This is because, in the grip of empathy, we’re unable to distinguish between the distress of others and harm to others. But consider Jesus, who caused distress to Mary and Martha (and Lazarus!) when he deliberately delayed coming to them in order to heal Lazarus. The apostle John describes this delay, which clearly caused great distress, as an act of love (John 11:5–6).
Under the influence of empathy, it’s easy to lose the distinction between distress and harm. And out of a good desire to avoid causing harm, we commit to not saying or doing anything that might cause distress. In such an environment, our ability to speak the truth contracts and constricts (sometimes under pressure from highly empathetic people), and as Lewis said, “Sorrows that used to purify now only fester.”16
How Abusers Manipulate Feelings
Lest we think that empathy is a danger only when faced with genuine suffering and hardship, however, consider the ways that abusers manipulate the feelings of those they abuse.
“Don’t tell anyone. If they found out, I’d be in so much trouble.” This is a direct manipulation of the empathy of a victim. (In his discussion of the passion of Pity [i.e., empathy], Lewis notes that through it, many a woman has been cheated out of her virginity.) And the manipulation doesn’t stop there. Abusers very often play on the soft-heartedness of churches and communities in order to evade responsibility for their actions. They redirect attention away from the suffering of actual victims to their own suffering as perpetrators, counting on our empathetic emotion-sharing to suspend our rational judgment about what should be done.
In such cases, churches don’t necessarily suffer from a lack of empathy, but instead from a radically misplaced empathy. But ensuring that our feelings are directed in the right place requires that we maintain the appropriate emotional boundaries so that we can think clearly and rightly about a particular situation. In other words, sympathy or compassion, with its insistence on self-differentiation and concern for long-term good, is what is needed.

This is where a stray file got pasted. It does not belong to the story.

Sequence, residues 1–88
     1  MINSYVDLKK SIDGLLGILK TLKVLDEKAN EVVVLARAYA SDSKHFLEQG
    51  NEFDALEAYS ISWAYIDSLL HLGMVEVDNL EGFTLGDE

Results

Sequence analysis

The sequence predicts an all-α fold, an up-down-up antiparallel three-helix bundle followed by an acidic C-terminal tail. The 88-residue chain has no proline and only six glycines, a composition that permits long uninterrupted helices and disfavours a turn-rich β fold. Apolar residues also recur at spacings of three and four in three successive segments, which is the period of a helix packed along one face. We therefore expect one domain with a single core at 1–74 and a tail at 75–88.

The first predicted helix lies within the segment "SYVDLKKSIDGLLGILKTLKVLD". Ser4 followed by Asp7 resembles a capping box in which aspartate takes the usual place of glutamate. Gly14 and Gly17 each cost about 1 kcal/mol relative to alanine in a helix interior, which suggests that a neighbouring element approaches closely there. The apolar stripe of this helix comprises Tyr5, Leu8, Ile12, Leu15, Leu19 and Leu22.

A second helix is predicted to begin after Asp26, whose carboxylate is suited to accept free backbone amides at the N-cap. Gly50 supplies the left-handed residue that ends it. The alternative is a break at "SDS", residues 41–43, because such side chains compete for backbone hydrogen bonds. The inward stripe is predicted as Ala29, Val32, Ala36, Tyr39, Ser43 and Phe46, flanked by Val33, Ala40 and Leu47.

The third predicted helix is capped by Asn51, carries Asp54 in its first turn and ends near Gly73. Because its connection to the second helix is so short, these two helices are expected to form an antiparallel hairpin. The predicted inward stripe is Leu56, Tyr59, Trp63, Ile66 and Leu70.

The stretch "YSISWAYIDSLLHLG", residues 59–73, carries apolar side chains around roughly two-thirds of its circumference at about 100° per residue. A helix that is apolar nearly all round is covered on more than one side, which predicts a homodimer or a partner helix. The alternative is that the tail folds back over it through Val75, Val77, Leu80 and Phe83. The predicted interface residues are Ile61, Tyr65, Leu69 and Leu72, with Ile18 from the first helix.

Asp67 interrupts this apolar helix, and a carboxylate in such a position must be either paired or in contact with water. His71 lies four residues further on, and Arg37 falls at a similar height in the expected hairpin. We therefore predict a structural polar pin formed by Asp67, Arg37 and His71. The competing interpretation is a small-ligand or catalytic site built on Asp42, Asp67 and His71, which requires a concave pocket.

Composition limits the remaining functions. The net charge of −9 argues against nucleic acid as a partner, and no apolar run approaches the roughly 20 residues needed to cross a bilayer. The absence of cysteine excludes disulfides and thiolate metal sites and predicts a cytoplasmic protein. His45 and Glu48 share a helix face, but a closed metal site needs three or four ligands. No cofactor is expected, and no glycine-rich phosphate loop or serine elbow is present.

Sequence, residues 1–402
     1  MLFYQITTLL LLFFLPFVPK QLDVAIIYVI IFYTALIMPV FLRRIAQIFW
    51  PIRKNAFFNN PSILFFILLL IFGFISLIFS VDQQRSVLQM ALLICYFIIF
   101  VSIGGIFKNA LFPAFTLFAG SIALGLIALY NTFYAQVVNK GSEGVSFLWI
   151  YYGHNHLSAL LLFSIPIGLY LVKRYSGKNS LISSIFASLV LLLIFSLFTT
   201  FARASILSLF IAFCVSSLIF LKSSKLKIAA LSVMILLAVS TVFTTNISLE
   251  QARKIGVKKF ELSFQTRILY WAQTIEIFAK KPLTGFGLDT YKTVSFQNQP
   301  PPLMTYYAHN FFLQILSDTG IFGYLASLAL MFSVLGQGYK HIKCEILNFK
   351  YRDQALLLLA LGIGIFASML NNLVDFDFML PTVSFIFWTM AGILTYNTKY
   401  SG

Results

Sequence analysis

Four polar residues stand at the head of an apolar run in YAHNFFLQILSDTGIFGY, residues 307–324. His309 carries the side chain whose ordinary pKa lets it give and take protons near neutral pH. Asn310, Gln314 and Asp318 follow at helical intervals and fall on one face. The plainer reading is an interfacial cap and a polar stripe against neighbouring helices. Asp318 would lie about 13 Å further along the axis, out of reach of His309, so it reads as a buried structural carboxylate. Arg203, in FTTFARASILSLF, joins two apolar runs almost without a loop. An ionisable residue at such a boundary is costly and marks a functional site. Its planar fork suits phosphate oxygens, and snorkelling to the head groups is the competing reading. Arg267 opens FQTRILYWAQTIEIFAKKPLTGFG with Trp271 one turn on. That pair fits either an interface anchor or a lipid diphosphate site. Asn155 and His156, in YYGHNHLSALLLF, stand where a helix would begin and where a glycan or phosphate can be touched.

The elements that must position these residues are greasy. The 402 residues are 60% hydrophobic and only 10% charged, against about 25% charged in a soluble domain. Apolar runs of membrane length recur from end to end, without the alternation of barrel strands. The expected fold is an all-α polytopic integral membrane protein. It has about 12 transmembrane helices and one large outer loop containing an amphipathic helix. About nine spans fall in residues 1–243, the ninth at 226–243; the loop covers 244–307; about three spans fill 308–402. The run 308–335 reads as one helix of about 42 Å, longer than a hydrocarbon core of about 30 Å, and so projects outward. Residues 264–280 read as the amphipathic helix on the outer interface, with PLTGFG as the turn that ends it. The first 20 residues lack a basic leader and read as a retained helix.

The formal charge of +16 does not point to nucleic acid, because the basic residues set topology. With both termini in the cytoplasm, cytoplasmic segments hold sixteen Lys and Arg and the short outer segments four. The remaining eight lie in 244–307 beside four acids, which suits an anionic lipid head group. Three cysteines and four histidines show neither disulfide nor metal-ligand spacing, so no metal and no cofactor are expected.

Empathy and Tribalism
The possibility of misplaced empathy raises a final danger. Paul Bloom, a professor of psychology and cognitive science, has written an entire book called Against Empathy: The Case for Rational Compassion.17
Bloom notes that, because we are finite and can feel the feelings of only a limited number of people, empathy is highly selective. Empathy, therefore, behaves like a spotlight, linking us to the suffering and feelings of particular people or groups and not others. This empathetic myopia results in competing empathies, with some identifying with the suffering of one group, and others identifying with the suffering of another group. This built-in bias inhibits our ability to see the big picture. We struggle to maintain an appropriate measure of objectivity. We find it easy to demonize those that we don’t feel empathy for. Thus, empathy for our in-group often goes hand in hand with intense anger (and even hatred) for our out-group. Thus, a recent spate of articles has noted that an increase in empathy, far from building connection, seems to be joined with increased polarization and tribalism.18
In other words, we are often selectively empathetic, turning our opponents into devils because they’re easier to hate.
The Virtue of Empathy
In the end, it’s the dangers and dynamics described here that I’m mainly concerned about, not the labels. I don’t want to be a stickler about words. The word empathy can be employed in ways that are perfectly good and right.
Abigail Dodds, as one good example, has given a compelling account of empathy’s natural goodness, while also highlighting its significant dangers.19 What’s more, her article highlights how a clear understanding of empathy’s proper place can help men and women serve together in the home, the church, and the world. If empathy simply means “understanding the perspective and emotions of another,” then not only is it good, but it’s essential in order to love people. And even some kind of emotion-sharing is demanded by the call to weep with those who weep and to rejoice with those who rejoice, as well as by Paul’s words about the body: “If one member suffers, all suffer together; if one member is honored, all rejoice together” (1 Corinthians 12:26). Empathy in this sense is an aspect of love.